Molecular diagnosis in allergy
Article first published online: 2 AUG 2010
© 2010 Blackwell Publishing Ltd
Clinical & Experimental Allergy
Volume 40, Issue 10, pages 1442–1460, October 2010
How to Cite
Sastre, J. (2010), Molecular diagnosis in allergy. Clinical & Experimental Allergy, 40: 1442–1460. doi: 10.1111/j.1365-2222.2010.03585.x
- Issue published online: 8 SEP 2010
- Article first published online: 2 AUG 2010
Development and progress made in the field of recombinant allergens have allowed for the development of a new concept in allergy diagnosis, molecular diagnosis (MD), which makes it possible to identify potential disease-eliciting molecules. Microarray-based testing performed with a small amount of serum sample enables clinicians to determine specific-IgE antibodies against multiple recombinants or purified natural allergen components. Performance characteristics of allergens so far tested are comparable with current diagnostic tests, but have to be confirmed in larger studies. The use of allergen components and the successful interpretation of test results in the clinic require some degree of knowledge about the basis of allergen components and their clinical implications. Allergen components can be classified by protein families based on their function and structure. This review provides a brief overview of basic information on allergen components, recombinants or purified, currently available or soon to become commercially available in ImmunoCAP or ISAC® systems, including names, protein family and function. Special consideration is given to primary or species-specific sensitization and possible cross-reactivity, because one of the most important clinical utility of MD is its ability to reveal whether the sensitization is genuine in nature (primary, species-specific) or if it is due to cross-reactivity to proteins with similar protein structures, which may help to evaluate the risk of reaction on exposure to different allergen sources. MD can be a support tool for choosing the right treatment for the right patient with the right timing. Such information will eventually give clinicians the possibility to individualize the actions taken, including an advice on targeted allergen exposure reduction, selection of suitable allergens for specific immunotherapy, or the need to perform food challenges. Nevertheless, all in vitro tests should be evaluated together with the clinical history, because allergen sensitization does not necessarily imply clinical responsiveness.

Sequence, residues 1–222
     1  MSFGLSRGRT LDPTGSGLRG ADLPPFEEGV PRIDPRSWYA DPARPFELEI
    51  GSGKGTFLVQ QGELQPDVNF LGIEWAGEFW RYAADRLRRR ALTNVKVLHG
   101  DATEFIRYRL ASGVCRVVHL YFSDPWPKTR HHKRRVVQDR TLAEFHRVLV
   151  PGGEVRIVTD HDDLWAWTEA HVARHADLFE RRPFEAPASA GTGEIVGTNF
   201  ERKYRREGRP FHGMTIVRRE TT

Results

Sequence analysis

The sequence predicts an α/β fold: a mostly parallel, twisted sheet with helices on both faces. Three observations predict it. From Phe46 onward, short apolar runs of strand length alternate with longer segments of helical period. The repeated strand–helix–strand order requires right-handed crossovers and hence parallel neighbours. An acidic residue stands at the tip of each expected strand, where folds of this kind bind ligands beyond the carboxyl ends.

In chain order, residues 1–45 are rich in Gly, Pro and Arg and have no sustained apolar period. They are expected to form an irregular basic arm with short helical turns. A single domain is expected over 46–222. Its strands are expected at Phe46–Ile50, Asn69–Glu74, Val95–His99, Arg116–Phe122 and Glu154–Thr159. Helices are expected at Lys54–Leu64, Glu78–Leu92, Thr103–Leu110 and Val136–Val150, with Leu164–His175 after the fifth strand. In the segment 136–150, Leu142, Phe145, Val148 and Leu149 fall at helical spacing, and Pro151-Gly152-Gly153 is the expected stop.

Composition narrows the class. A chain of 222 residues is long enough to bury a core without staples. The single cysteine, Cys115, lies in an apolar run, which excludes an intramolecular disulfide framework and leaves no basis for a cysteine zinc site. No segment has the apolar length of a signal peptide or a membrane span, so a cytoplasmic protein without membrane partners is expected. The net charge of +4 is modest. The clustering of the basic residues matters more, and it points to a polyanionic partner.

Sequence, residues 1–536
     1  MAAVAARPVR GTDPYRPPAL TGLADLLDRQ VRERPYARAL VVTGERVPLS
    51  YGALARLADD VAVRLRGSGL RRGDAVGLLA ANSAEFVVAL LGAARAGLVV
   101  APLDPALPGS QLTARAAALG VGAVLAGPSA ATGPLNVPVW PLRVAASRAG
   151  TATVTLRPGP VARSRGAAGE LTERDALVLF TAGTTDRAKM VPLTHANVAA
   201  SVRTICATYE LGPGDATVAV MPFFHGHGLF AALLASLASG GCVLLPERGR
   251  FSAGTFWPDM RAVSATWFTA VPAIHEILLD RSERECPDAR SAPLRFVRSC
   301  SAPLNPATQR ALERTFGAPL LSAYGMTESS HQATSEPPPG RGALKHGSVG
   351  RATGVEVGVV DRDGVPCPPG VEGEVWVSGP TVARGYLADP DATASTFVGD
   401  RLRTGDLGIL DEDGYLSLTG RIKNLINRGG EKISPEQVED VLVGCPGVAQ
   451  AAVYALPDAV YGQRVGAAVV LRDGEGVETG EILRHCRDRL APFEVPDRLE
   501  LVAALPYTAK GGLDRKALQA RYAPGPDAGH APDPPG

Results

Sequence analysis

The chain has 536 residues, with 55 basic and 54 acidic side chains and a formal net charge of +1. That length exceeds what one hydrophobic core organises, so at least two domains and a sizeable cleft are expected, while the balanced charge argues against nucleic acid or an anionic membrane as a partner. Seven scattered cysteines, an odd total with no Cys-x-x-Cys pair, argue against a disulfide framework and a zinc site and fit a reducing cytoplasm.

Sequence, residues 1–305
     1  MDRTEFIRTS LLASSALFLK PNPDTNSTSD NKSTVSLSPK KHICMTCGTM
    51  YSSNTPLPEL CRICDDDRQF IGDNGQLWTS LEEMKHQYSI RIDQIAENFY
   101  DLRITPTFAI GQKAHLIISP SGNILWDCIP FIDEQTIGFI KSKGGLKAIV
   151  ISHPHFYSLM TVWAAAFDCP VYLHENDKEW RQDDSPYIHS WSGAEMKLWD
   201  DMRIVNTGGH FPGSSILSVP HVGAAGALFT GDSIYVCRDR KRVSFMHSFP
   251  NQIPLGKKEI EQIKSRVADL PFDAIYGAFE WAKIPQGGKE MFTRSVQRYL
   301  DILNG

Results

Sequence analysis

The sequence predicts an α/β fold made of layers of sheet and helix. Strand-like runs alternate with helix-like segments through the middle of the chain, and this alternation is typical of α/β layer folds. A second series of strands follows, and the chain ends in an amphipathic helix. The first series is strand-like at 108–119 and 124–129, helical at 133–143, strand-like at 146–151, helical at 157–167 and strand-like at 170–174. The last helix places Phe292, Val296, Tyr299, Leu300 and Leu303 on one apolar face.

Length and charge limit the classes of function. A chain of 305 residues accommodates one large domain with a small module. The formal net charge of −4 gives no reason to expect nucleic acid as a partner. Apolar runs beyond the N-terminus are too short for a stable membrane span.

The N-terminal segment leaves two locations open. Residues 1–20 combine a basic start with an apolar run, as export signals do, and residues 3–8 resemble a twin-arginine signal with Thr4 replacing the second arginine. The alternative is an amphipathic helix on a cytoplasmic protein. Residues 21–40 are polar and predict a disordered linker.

Cite this as: J. Sastre, Clinical & Experimental Allergy, 2010 (40) 1442–1460.